According to Heminger, hyrdogen embrittlement arises when three things occur simultaneously: susceptible material, the presence of hyrdogen and when the steel in question is under high tension.
"The good news is the tower foundation rods are under lower tension than the rods at the east pier,' said Heminger. "But look, it takes three strikes for this problem to happen, and you don't want to be in the batter's box with two strikes for 150 years."
Brian Maroney, a chief bridge engineer with Caltrans, said it's premature to draw any conclusions about the water found in the tower.
"I find it interesting that people are only talking about a few samples," said Maroney. "And it's not clear what the history of those samples are. And they're only talking about chlorides. It's not that simple. You have to think about chlorides and bromides. You have to think about other telltale signature chemical elements. For example, we actually found fluoride in this water. Well, you don't find fluoride in the Pacific Ocean."
Maroney said that a team from a materials specialist company has been called in to ensure "a thorough sampling program" and analysis.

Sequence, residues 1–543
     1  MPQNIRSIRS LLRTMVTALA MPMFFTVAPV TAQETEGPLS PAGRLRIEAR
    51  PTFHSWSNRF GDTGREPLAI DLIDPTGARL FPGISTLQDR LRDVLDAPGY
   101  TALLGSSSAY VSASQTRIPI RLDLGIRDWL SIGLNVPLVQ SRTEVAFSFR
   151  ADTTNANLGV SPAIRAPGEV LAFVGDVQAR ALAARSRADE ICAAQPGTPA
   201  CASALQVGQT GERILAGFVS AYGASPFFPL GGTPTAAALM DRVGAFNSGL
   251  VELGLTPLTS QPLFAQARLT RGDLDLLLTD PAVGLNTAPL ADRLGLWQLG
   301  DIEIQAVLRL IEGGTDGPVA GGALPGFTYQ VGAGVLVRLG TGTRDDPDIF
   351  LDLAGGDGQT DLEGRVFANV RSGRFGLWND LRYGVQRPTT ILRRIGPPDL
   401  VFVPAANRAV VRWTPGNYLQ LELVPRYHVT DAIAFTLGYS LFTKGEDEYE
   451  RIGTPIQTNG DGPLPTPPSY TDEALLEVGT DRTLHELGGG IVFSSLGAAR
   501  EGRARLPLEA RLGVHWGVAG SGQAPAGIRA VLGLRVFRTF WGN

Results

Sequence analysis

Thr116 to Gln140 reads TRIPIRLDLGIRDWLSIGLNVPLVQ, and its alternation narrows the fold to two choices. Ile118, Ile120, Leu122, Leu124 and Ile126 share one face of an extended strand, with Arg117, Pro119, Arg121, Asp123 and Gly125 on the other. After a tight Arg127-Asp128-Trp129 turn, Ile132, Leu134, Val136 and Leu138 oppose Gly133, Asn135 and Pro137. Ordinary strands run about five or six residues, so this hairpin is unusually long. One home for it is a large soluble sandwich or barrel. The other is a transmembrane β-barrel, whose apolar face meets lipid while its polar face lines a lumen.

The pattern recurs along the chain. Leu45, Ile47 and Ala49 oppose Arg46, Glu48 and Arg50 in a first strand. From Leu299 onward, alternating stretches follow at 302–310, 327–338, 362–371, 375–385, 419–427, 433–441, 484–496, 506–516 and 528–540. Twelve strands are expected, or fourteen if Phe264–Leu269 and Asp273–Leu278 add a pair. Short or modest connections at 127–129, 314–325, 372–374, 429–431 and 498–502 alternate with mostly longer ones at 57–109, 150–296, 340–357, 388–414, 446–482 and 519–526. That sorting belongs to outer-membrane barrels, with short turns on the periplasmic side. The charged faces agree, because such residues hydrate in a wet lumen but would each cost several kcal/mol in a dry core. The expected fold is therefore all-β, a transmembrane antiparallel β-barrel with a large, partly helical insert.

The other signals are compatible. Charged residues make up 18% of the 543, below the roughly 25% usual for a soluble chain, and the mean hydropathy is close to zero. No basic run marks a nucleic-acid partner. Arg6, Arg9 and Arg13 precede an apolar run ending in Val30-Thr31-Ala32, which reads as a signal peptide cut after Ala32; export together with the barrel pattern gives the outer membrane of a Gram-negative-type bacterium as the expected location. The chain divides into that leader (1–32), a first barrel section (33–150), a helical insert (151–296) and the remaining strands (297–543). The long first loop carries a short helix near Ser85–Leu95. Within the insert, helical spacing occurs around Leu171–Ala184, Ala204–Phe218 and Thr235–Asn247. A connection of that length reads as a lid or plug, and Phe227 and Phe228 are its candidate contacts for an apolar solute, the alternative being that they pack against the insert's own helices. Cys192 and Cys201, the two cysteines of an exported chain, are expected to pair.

Maroney did acknowledge that there are some areas where water can enter the bridge, but said that is not surprising, given that the project is being completed in stages.
"You have to remember, construction's not done," said Maroney. "We're still working on this structure, on both sides."
At one point during the Forum show, host Michael Krasny asked all three guests just how safe the bridge is.
"If you have to be on a bridge in an earthquake, this is the bridge you want to be on,' said Maroney, citing his experience retrofitting structures throughout California.
"I think the bridge is perfectly safe for everyday use," said Heminger. "And I would trust Brian Maroney with my life, and I think all the rest of us should do the same. The bridge is fine. The issue is what happens in a major earthquake."
But Van Derbeken was not so confident. He said that people who have reviewed the bridge's record and decisions about the bridge question whether it is safe.
"Everywhere we look in the span there seems to be stuff that was compromised in some way, or decisions were made to borrow into safety margins, or things that normally are sacrosanct had to be, for whatever reasons, borrowed to get the job done," said Van Derbeken.
He said people who have voiced concerns to Caltrans have been dismissed and have been essentially told: "Go away. We understand where you're coming from, but we're satisfied."
Although Heminger said he is satisfied with the everyday safety of the bridge, he spoke for many when he expressed frustration with the ongoing saga of the eastern span:
"I do think it's maddening that we're talking about these bolts almost two years after we opened this bridge to traffic."
You can listen to the complete Forum conversation, including comments from Steve Heminger about holding people accountable, here: